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November 27, 2015

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Line of attack: Is Danny Tarkanian skipping out on his bills to pay for his campaign?

Line of Attack is a weekly feature in which we parse a political attack, looking at the strategy behind it, how the campaign is delivering it and what facts support or refute it. We’ll assign it a rating on the fairness meter: Legit, Eye Roll, Guffaw, Laughable or Outrageous.

Attack: Republican congressional candidate Danny Tarkanian thinks “getting elected is more important than paying his bills,” by avoiding a $17 million judgment and sinking hundreds of thousands of dollars into his own campaign.

Method of Delivery: Yes, the constant barrage of television attack ads can seem overwhelming, but there’s one perhaps even more invasive form of campaign advertising—the robo-call. But the Democratic Congressional Campaign Committee decided the robo-call was the best strategy for delivering this attack.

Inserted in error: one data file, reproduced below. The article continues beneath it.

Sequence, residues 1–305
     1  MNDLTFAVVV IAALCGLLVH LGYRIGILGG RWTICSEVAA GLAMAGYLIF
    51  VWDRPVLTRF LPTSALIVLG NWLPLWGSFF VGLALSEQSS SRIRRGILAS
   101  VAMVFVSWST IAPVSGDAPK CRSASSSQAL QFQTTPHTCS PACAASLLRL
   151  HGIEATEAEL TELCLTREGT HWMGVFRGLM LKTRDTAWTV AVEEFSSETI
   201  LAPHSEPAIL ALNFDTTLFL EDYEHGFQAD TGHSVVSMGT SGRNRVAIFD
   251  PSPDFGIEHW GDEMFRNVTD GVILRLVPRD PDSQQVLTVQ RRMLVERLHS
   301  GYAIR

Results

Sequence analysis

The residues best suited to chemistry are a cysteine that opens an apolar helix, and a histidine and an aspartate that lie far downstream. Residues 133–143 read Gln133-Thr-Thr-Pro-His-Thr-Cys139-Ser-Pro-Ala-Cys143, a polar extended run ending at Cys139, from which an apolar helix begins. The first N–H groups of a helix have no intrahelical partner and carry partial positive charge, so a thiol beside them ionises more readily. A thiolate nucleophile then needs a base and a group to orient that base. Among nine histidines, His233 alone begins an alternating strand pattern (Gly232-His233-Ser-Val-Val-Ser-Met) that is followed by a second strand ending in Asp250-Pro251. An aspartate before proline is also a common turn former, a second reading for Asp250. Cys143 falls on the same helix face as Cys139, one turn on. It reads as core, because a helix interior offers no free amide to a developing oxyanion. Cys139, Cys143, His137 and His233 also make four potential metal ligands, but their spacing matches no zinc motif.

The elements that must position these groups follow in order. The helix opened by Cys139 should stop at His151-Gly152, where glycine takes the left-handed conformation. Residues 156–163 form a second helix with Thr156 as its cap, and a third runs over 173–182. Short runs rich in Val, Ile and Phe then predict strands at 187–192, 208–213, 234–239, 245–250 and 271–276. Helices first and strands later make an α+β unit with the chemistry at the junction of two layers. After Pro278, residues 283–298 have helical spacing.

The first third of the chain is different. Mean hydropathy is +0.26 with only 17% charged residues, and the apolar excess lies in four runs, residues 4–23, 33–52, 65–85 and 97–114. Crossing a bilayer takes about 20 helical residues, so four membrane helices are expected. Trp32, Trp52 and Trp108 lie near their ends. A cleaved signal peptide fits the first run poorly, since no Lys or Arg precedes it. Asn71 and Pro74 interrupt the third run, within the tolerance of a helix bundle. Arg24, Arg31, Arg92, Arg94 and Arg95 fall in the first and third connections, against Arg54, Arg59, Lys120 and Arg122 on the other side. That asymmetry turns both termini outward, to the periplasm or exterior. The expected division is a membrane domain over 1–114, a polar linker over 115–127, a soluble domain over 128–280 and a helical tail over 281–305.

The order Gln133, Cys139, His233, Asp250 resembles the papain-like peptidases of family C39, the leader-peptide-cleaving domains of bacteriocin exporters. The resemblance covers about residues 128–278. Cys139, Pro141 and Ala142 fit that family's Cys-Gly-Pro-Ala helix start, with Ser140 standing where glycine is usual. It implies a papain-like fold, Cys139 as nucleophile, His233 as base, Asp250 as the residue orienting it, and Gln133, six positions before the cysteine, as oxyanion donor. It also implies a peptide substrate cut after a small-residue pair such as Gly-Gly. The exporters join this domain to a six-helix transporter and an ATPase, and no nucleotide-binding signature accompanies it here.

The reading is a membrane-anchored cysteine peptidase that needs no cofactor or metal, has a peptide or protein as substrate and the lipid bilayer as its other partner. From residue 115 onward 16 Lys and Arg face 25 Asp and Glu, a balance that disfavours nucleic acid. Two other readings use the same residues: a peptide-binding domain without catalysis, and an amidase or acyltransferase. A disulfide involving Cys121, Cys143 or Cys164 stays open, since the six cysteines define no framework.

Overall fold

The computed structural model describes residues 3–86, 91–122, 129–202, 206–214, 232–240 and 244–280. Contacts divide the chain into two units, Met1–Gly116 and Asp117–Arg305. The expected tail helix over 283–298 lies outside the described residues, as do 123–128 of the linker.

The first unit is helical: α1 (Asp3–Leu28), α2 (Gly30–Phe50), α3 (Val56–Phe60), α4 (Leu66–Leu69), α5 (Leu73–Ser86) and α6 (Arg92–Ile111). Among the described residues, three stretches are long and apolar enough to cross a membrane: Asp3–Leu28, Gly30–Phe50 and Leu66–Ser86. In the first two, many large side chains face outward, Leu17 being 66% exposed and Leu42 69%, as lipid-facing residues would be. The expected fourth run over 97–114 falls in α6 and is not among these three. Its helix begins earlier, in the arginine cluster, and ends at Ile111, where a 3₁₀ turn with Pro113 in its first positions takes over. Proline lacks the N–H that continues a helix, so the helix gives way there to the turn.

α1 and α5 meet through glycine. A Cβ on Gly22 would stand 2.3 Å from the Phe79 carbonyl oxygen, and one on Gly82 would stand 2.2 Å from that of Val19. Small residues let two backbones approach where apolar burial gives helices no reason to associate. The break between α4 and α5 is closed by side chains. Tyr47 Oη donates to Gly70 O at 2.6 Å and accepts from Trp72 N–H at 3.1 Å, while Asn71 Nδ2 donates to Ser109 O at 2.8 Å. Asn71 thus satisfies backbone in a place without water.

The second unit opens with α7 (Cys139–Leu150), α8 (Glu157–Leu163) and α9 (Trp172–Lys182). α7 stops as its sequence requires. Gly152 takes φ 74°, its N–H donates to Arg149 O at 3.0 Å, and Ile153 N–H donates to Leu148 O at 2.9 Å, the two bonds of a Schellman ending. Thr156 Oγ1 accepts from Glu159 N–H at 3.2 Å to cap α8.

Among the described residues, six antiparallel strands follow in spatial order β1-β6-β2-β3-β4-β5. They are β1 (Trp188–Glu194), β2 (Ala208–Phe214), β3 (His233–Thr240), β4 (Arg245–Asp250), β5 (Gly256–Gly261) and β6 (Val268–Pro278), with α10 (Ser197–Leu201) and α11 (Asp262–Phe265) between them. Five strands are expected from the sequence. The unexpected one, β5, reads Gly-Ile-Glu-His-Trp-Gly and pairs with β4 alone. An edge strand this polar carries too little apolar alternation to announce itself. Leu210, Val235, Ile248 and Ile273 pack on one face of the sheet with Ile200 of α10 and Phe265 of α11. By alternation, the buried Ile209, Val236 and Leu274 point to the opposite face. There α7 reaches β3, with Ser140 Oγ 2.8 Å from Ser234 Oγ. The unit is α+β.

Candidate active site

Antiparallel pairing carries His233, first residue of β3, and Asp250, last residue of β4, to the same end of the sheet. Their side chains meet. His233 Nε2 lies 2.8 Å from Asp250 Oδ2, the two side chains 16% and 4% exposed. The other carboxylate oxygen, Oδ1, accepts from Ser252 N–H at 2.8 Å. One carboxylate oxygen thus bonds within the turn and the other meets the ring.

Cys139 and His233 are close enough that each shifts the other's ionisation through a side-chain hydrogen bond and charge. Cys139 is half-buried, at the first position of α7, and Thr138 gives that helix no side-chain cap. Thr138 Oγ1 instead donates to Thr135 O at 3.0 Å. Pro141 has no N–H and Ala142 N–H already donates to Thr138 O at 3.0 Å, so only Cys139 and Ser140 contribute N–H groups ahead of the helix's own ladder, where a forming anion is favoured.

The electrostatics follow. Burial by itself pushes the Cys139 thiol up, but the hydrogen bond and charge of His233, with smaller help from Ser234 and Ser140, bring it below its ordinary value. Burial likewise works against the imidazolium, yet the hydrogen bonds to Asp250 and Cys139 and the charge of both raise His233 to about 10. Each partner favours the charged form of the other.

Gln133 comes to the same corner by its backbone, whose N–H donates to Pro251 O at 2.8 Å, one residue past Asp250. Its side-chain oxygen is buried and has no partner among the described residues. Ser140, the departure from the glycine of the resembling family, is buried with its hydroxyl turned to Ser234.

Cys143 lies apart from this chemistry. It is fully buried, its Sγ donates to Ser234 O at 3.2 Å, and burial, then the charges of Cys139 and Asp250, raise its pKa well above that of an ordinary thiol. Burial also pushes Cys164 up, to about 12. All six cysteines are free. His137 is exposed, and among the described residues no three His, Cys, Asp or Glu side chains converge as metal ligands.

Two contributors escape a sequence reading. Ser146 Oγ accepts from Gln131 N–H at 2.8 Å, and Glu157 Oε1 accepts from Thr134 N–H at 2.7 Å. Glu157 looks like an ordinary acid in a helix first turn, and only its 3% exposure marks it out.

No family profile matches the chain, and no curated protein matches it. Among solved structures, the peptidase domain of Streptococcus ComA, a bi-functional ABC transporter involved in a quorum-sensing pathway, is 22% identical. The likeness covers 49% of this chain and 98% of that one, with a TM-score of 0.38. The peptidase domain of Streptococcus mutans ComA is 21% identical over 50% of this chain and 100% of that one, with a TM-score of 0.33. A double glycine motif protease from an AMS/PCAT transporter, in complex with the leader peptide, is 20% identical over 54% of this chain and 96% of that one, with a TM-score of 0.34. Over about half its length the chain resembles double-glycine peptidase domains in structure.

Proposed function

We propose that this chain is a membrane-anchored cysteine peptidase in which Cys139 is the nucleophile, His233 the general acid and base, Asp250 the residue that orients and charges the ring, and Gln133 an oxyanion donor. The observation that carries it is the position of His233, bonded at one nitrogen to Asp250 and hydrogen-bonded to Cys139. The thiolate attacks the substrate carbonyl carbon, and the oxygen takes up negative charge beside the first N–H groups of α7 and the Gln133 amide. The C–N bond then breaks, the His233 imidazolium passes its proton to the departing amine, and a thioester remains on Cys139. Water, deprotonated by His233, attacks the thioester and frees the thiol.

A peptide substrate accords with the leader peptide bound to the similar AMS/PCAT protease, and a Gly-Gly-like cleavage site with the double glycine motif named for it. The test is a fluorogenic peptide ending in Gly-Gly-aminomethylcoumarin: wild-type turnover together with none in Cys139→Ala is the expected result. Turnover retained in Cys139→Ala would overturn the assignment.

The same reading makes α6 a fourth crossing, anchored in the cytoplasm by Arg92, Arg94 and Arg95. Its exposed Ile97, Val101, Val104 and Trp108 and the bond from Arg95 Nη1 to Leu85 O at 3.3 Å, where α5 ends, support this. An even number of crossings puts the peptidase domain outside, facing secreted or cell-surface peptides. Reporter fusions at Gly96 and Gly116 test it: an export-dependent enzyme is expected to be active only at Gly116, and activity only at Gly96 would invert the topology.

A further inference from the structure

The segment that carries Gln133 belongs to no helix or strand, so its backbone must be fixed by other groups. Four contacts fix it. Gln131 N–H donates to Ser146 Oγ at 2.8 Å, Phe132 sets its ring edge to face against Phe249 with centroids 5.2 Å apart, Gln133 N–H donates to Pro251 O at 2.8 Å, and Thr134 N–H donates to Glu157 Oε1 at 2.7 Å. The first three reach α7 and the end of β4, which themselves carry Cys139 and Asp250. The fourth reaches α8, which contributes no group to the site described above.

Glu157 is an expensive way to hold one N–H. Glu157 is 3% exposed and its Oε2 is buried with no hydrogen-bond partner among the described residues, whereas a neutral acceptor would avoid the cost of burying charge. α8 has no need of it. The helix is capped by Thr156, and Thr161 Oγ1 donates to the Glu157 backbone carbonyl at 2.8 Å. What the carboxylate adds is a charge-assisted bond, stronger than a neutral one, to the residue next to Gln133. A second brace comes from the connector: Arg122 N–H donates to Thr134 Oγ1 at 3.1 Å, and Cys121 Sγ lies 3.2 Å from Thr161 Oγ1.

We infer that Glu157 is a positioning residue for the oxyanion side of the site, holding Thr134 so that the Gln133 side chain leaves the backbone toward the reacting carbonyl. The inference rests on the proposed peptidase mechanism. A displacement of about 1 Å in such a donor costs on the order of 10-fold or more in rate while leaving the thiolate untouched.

Strategy: Republicans are after Tarkanian’s Democratic opponent Steven Horsford for a series of ethically-questionable decisions he has made, such as parking his car in a handicap space and flying to the Bahamas on the dime of an online poker company-- a trip for which he paid the company back after the fact. The GOP’s accusatory tagline on Horsford: He plays by his own rules.

So, to both turn the tables on Tarkanian and further muddy the waters, Democrats co-opted that tag line for their robo-call, accusing Tarkanian of thinking “he should get to play by a different set of rules than the rest of Nevadans.”

Fairness Meter: There’s nothing wrong with the facts in this robo-call. Yes, the court has ordered Tarkanian and his family to pay a $17 million judgment stemming from a complicated bank loan they took out as part of a failed real estate deal. Yes, Tarkanian spent $260,000 of his own money on his 2010 campaign.

What’s left out of the call is that Tarkanian and his family continue to fight the $17 million judgment in court, where he is arguing he was defrauded in the land deal. Tarkanian likely would have an extreme difficulty in paying that $17 million sum.

It’s perfectly legit for voters to evaluate Tarkanian’s judgment in entering the real estate deal in the first place. But it could be considered a bit premature to accuse Tarkanian of refusing to pay his bills while he pursues the case in court.

All in all, the line of attack earns an eye roll.

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